“I’m antisocial, they say. I don’t mix. It’s so strange. I’m very social indeed. It all depends on what you mean by social, doesn’t it? Social to me means talking to you about things like this.” She rattled some chestnuts that had fallen off the tree in the front yard. . . . “But I don’t think it’s social to get a bunch of people together and then not let them talk, do you? An hour of TV class, an hour of basketball or baseball or running . . . but do you know, we never ask questions, or at least most don’t; they just run the answers at you, bing, bing, bing.”
The world of Fahrenheit 451 is one in which everyone has taken the easy route to learning, living, and contributing to society. We, the people, started it, neglecting books and thinking, choosing big screens and reality shows. After some years of that, state representatives began to outlaw these channels of deeper thought. They burned libraries, and schools taught that books were filled with nonsense. You could call this censorship, but it’s the censorship the people want. They want a comfortable life spent in front of a wall-to-wall interactive screen (or three or four wall-to-wall screens, if they could afford them), their “families” yakking at them through broadcasts.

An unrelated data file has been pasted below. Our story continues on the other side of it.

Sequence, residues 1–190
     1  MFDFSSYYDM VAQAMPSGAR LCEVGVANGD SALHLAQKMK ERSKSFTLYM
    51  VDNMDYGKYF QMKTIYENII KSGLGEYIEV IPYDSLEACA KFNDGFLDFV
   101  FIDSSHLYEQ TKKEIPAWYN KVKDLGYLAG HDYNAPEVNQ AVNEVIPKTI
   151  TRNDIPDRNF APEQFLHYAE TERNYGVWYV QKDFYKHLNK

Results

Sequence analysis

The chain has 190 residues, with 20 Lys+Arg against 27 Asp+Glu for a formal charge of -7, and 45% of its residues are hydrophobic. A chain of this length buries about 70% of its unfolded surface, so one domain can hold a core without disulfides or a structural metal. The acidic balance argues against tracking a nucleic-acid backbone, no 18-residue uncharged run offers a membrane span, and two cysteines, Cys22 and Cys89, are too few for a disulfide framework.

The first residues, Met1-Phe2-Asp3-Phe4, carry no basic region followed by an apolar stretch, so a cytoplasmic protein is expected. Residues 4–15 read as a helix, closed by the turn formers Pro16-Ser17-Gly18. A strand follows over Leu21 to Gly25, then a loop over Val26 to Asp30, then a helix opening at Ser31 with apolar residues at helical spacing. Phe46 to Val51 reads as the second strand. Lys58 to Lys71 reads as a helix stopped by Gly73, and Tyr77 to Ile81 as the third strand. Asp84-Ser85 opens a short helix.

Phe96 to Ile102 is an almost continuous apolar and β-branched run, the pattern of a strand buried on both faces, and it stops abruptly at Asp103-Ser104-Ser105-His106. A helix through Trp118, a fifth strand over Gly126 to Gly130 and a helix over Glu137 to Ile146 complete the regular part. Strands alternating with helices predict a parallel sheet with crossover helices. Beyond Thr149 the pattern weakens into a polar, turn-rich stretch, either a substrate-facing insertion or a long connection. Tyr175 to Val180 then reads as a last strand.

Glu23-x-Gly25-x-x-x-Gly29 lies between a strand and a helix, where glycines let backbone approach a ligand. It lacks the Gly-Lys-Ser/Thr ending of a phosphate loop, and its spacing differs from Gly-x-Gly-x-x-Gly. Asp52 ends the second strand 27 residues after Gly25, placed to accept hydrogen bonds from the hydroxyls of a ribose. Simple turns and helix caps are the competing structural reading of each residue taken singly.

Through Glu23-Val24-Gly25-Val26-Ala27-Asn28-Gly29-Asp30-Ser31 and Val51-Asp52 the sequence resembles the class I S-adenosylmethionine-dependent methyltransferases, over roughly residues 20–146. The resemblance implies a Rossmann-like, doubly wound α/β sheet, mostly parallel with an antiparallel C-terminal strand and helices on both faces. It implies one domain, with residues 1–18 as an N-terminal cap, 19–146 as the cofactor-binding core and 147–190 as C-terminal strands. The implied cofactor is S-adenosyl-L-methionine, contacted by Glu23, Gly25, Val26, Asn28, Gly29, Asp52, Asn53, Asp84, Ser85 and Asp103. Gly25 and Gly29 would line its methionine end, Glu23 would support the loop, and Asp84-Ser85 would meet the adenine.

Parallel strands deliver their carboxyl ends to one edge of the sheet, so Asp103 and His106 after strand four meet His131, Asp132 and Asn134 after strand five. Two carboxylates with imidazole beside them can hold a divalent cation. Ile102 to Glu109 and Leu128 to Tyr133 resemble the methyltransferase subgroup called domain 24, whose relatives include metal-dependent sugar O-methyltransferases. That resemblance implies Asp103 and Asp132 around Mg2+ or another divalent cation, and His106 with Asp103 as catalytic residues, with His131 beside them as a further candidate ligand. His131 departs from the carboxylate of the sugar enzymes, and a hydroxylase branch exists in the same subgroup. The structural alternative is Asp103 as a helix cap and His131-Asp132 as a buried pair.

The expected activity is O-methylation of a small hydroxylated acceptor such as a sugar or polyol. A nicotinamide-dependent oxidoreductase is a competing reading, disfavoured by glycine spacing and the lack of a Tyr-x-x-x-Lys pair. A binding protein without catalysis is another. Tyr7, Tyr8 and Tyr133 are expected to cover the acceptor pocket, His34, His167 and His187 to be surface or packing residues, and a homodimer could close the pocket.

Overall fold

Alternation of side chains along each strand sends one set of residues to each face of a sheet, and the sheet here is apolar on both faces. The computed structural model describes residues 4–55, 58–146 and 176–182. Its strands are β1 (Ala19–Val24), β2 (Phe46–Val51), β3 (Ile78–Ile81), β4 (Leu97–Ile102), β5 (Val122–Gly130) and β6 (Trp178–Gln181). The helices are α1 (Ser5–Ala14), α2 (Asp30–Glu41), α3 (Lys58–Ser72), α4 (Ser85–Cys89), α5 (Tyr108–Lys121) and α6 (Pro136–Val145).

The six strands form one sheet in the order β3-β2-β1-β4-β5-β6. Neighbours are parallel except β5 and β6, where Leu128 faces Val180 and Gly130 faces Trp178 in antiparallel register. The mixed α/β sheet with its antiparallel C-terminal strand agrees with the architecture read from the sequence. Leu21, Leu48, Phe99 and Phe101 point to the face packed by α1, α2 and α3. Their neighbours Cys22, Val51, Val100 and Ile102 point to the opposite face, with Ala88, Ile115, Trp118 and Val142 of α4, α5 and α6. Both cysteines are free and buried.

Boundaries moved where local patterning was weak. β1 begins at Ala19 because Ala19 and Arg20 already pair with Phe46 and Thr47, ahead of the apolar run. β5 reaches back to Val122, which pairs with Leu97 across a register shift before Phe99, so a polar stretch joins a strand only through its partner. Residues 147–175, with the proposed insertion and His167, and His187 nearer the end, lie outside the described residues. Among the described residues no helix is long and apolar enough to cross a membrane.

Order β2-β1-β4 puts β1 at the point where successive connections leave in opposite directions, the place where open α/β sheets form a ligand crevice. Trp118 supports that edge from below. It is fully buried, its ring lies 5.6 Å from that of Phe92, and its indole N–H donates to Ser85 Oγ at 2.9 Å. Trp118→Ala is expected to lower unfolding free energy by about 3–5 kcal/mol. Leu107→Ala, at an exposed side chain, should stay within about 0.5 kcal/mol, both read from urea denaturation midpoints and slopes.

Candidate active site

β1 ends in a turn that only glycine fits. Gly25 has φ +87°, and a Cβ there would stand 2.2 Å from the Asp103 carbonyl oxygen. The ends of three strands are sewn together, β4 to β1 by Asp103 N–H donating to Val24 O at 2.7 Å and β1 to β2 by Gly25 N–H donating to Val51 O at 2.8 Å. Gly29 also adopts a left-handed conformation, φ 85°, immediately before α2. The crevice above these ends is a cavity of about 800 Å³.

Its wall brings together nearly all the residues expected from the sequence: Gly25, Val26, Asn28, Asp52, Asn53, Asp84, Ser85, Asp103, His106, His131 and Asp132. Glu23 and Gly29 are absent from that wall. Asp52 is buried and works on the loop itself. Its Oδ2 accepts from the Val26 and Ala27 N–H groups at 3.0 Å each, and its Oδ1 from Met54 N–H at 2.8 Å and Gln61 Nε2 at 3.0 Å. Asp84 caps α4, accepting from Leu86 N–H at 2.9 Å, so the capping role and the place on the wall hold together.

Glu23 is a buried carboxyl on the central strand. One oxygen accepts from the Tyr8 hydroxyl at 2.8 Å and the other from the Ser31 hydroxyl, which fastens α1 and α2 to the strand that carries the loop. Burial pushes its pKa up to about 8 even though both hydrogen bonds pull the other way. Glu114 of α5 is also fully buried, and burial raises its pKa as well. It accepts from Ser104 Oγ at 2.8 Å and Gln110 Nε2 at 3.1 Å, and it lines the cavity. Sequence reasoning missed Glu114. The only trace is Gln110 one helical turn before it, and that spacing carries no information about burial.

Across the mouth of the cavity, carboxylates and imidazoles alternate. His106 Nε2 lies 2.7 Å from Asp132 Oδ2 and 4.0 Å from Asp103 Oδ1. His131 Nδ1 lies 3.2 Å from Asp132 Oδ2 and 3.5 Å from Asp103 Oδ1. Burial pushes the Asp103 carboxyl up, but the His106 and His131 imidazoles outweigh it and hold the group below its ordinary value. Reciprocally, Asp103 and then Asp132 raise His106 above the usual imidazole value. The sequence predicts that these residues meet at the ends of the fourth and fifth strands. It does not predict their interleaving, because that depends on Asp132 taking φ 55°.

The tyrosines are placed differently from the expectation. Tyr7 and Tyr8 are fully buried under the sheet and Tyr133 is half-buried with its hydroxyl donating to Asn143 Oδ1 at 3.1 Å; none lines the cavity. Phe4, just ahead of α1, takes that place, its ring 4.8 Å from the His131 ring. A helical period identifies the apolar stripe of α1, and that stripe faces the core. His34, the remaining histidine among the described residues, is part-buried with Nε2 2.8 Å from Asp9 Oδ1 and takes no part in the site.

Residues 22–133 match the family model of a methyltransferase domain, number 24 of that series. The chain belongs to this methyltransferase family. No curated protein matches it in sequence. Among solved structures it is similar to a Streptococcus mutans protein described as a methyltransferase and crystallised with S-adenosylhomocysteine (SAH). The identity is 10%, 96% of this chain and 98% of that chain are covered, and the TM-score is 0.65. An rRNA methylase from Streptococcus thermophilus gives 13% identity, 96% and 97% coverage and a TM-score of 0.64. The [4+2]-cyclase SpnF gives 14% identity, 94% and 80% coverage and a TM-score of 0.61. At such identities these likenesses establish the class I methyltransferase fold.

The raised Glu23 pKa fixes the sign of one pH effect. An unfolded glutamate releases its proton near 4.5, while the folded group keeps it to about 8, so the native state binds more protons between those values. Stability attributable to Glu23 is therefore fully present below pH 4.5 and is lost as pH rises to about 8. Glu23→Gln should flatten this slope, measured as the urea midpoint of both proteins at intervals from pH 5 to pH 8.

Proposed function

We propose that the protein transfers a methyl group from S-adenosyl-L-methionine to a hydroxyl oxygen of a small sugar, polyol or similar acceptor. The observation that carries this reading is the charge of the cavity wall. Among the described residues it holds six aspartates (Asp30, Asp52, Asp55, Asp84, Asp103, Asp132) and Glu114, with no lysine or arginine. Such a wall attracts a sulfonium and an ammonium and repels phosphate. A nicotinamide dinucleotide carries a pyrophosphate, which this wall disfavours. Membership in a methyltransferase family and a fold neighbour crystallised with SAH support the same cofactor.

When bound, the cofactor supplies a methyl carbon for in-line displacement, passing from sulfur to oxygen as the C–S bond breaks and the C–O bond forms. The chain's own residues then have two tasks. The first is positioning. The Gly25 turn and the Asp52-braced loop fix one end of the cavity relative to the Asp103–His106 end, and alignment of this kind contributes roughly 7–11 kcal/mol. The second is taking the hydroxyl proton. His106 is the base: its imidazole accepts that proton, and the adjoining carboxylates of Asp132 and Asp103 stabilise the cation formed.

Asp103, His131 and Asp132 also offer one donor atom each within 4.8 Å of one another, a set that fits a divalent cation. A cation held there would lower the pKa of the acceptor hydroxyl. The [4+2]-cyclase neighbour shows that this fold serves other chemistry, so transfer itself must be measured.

Books put crazy, false, and conflicting ideas in people’s heads. What’s on screen is real, current, and unified. There’s no mention of any churches, but why would there be? Only those that had morphed into social clubs would be left standing.
The houses in Fahrenheit 451 are complete fire-proof, so when a homeowner is found in possession of books and he won’t be taken into custody or removed to an asylum, he is torched within his offending home. They do it at dusk or after, so the neighborhood bonfire will make the most spectacle, a warning to anyone still harboring the printed word.
As you can tell from the quotation above, someone people won’t follow the crowd–probably homeschoolers. They have more curiosity than society wants them to have. They will suffer for it for a while, but after society has eaten itself they will rebuild, like they always do, taking life’s hard road because that’s the only one left.